ell was offered a chance to play for the Browns in 1951, but he turned it down; he was nearly 48 years old. He earned his nickname for his demeanor under pressure while pitching for the St. Louis Stars as a 19-year-old in 1922. A sterling fielder and an outstanding batter, what made Bell stand out more than anything else was his uncanny speed. Two exaggerated stories demonstrate the effect it had on his contemporaries. Satchel Paige often regaled audiences with the story that when he and Bell roomed together, Bell was so fast that he could turn out the light and be in bed before the room got dark. In truth, he did it one night, but only because there was a short in the wires. Another story has him hitting a ball up the middle and being struck by it as he slid into second base.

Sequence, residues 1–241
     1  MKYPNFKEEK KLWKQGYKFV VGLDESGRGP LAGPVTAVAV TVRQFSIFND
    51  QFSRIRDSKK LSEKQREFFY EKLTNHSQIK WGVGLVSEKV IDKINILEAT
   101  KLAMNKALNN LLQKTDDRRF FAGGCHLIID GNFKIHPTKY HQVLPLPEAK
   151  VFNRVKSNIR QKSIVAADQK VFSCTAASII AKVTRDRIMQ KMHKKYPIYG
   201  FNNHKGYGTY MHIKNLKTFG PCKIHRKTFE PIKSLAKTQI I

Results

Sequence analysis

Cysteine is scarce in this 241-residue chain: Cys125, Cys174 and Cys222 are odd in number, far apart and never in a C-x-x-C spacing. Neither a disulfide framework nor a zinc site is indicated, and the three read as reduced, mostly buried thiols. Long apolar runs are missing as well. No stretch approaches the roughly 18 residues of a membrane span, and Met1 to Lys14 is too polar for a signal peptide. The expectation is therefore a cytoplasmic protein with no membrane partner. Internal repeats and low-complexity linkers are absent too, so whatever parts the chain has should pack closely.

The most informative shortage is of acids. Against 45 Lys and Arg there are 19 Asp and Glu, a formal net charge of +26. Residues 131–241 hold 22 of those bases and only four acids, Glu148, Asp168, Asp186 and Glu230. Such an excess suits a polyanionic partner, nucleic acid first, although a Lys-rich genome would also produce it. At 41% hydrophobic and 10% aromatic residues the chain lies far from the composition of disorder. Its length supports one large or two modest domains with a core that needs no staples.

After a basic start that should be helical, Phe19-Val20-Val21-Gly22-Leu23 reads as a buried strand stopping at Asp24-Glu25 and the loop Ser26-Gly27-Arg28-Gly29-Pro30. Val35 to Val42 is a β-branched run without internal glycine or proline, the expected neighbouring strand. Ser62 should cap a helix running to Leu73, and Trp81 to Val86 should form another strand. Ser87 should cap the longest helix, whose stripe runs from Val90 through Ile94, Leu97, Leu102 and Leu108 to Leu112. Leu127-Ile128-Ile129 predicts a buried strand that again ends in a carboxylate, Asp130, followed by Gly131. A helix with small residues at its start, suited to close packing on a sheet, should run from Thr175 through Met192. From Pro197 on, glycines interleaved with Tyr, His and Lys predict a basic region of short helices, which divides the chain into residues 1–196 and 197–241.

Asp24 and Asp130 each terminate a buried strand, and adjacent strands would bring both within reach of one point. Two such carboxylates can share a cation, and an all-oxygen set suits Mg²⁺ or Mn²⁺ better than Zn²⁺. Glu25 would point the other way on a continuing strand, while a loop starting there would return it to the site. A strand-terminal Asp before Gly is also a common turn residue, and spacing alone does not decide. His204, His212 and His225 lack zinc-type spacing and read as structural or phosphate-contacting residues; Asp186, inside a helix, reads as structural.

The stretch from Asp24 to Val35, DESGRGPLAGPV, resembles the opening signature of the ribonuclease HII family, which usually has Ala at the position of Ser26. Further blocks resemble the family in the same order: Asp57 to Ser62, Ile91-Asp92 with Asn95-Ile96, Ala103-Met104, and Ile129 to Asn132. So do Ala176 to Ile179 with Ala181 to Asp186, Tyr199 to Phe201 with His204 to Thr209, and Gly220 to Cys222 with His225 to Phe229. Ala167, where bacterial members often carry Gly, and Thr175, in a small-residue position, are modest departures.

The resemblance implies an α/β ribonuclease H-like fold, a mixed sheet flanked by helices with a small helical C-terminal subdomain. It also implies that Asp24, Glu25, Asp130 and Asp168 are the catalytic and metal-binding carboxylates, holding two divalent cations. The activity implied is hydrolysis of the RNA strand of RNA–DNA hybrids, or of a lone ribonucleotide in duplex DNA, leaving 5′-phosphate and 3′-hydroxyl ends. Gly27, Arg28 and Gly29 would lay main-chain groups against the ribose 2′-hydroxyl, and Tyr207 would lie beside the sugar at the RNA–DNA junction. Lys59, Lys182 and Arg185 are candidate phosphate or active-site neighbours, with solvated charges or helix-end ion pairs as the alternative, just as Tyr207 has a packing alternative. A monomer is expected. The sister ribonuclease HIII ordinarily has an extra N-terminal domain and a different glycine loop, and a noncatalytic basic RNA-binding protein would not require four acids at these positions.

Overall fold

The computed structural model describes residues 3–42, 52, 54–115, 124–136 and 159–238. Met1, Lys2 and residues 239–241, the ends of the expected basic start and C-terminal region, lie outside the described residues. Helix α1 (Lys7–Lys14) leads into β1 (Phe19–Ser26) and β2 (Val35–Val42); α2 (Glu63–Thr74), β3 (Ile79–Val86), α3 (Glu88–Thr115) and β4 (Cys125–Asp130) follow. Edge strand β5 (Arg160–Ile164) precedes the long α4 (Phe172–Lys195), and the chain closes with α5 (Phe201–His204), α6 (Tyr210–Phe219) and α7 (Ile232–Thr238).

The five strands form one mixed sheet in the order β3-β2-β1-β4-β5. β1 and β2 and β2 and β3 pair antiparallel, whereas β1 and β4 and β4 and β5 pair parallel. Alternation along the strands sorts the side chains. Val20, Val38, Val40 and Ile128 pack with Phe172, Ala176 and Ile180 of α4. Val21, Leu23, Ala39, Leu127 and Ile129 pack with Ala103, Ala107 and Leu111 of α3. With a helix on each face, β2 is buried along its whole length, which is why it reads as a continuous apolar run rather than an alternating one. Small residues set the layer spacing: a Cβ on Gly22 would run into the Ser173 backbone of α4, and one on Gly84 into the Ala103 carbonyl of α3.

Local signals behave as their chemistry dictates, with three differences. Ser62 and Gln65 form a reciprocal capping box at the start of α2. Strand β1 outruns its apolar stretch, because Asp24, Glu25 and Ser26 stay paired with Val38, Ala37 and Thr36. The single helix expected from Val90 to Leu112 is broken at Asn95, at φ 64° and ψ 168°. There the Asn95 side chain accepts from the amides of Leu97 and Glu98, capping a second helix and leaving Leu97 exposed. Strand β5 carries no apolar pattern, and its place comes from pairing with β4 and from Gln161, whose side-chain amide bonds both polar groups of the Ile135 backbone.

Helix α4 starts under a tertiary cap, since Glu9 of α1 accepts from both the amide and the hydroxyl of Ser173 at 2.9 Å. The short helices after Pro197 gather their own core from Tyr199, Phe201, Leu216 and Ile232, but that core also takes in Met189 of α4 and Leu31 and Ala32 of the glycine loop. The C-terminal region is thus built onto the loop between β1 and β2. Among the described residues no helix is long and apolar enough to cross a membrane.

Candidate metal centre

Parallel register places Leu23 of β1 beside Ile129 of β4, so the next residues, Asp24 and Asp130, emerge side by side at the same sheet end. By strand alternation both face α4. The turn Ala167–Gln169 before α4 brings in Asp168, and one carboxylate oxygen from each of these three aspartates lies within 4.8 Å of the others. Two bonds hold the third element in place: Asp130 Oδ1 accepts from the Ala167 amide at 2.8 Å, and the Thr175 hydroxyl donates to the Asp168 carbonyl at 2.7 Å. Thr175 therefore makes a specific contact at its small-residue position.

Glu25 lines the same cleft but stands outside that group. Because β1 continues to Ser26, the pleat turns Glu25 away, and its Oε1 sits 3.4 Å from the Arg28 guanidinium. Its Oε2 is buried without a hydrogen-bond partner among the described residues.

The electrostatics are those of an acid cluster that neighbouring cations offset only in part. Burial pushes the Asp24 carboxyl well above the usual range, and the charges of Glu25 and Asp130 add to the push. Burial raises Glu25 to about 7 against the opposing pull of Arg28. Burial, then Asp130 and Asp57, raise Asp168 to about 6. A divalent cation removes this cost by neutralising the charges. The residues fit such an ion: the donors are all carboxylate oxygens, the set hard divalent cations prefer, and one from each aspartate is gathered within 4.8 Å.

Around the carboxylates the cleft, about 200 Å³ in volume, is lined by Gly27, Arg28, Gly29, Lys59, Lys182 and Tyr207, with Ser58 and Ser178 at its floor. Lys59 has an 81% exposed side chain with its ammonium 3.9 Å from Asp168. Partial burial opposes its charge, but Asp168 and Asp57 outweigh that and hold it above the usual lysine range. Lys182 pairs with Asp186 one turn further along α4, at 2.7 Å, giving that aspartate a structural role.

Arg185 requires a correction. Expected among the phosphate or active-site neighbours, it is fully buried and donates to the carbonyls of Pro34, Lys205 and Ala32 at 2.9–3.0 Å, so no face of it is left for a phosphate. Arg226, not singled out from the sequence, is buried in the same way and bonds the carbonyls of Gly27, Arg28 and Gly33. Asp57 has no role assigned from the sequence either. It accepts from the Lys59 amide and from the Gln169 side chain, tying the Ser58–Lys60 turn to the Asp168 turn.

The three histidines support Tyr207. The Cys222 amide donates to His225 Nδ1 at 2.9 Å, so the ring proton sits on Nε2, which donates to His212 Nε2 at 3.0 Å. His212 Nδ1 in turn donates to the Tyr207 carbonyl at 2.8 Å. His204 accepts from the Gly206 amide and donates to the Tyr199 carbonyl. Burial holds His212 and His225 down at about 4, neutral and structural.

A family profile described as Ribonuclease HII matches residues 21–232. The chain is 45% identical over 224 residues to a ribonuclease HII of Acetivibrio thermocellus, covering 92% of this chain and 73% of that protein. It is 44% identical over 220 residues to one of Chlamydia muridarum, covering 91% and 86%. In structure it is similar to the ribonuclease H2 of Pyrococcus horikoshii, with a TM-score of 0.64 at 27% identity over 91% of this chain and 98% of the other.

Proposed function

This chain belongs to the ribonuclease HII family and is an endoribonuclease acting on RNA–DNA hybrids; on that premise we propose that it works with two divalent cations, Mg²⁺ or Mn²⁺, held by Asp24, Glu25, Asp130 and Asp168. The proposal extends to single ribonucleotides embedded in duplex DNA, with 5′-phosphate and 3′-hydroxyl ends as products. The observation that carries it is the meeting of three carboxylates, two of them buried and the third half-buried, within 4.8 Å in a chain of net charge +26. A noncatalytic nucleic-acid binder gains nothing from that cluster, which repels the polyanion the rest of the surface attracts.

A verified story is that during an inter-racial all-star exhibition game on the West Coast, Paige laid down a bunt with Bell on first base. As catcher Roy Partee of the Indians set to throw to first, Bell brushed by him to score. By his own count, Bell once stole 175 bases in a 200-game season. The scanty statistics of the Negro Leagues credit him with several years over 400.
There is little doubt that Bell could have starred in the major leagues had there been no color ban during his prime. An unselfish man off the field and on, in 1946 (Jackie Robinson‘s first year in white organized baseball), Bell deliberately forfeited the batting title to Monte Irvin to enhance Irvin’s chance to follow Robinson to the majors. While coaching and playing with the Monarchs, Bell demonstrated to the young Robinson that he would never make it with his weak arm at shortstop. Bell, in his forties, beat out everything hit to Robinson’s right.